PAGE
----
We first saw the new Camry just over a year ago in Detroit, at which time I wrote that it "does look sportier and more exciting than what may well have been the last taxi you rode in." While I still stand by that statement, I can't say I'm a big fan of the styling—particularly the XSE version, which gets an aggressive front bumper and a rear with a (fake) diffuser, plus rocker panel extensions and a rear spoiler on the trunk lid. Perhaps it's a color-sensitive thing? The white car in Toyota's images looks much less objectionable to me than the silver car I spent my week with.

There's something about the Camry's styling that calls to mind the cars of the early jet age, cars from the late 1950s with wings and vents on them. Then again, the Camry's deadliest rival right now is the new Honda Accord, and that car looks like it left the factory with a huge piece missing from the front bumper, so one's mileage may vary.

On the inside, things probably weren't helped by the Camry's bright red leather interior. It looks like the office of what Terry Pratchett memorably called a lady of negotiable affection. Again, my opinion here is a factor of the press car because things look a lot less objectionable when a more restrained palette is employed. Ignoring the scarlet hide, everything else is quite good. The ergonomics are sound, with the most widely used controls close at hand, and there's plenty of storage space in the doors and various other cubbies in the center console. The cabin is bright and airy, particularly thanks to our test car's twin sunroofs.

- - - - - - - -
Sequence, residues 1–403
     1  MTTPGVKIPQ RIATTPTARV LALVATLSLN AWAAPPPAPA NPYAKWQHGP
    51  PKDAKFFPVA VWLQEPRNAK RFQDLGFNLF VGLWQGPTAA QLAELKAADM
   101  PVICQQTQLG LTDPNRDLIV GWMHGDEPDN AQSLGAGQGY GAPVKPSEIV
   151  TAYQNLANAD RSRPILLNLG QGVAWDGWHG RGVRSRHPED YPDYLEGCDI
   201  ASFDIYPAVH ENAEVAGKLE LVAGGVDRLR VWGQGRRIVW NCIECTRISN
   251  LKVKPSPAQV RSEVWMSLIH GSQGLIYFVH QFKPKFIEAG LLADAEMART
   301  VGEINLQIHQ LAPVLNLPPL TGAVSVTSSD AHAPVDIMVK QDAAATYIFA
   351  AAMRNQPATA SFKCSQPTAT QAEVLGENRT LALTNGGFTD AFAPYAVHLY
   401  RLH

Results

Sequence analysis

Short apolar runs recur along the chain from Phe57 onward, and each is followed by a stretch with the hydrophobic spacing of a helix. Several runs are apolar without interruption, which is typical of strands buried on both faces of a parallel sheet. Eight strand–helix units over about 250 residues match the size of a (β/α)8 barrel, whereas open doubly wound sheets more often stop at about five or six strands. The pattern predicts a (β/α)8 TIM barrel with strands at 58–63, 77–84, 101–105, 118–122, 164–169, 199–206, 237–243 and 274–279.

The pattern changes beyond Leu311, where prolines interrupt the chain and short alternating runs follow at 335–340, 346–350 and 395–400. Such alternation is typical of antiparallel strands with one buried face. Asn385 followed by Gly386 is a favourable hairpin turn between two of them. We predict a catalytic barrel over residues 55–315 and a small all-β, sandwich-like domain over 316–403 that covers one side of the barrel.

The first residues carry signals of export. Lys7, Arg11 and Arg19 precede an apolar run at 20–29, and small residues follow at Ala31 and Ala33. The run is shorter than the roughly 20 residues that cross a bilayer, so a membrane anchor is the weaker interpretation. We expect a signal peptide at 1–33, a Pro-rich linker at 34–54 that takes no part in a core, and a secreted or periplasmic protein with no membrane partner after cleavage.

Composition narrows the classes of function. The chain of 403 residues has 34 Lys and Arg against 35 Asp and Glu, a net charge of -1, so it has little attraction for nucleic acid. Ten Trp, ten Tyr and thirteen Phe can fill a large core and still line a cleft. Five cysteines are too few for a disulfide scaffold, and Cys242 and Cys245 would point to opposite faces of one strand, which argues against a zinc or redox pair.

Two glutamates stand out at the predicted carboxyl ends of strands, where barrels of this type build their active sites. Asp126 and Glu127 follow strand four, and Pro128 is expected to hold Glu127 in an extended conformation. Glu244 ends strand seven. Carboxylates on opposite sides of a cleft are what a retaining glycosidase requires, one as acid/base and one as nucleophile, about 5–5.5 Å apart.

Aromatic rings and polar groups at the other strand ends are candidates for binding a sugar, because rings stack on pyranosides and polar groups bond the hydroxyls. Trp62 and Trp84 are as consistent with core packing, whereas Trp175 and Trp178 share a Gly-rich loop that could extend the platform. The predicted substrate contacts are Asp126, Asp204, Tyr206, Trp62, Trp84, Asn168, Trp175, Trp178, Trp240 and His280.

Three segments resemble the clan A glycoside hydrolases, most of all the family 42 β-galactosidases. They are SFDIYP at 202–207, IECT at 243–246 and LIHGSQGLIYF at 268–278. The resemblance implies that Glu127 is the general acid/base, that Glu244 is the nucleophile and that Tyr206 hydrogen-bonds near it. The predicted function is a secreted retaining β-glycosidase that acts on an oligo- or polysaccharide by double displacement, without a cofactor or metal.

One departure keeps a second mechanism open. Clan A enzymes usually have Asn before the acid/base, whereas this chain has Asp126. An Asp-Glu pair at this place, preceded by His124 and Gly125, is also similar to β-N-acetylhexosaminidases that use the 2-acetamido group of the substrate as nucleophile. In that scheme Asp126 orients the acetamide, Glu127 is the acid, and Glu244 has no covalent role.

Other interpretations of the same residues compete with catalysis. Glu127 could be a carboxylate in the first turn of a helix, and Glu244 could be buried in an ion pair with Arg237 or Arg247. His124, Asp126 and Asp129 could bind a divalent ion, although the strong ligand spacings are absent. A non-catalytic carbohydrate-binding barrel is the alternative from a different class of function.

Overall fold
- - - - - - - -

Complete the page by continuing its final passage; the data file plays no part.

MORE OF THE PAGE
The inside is also very roomy, both in the front and back (although the driver's seat is rather hard and doesn't offer much in the way of lateral support). And the trunk is voluminous, at 15.1 cubic feet (427.5L).


It’s a MY2018 car, so it has plenty of technology

Toyota has packed plenty of advanced driver assists and safety systems into the new Camry, and I'm happy to report that most of the features are included as standard equipment rather than being locked up in thousand-dollar option packages. Toyota's system—called "Safety Sense"—comprises forward collision warning with pedestrian detection, automatic high-beam headlights, adaptive cruise control, and lane-departure alert with steering assist.

Additionally, the XLE and XSE cars get some extra features: blind spot monitors, rear cross-traffic alerts, and intelligent clearance sonar, which uses the car's ultrasonic sensors to detect possible obstructions when moving at low speeds.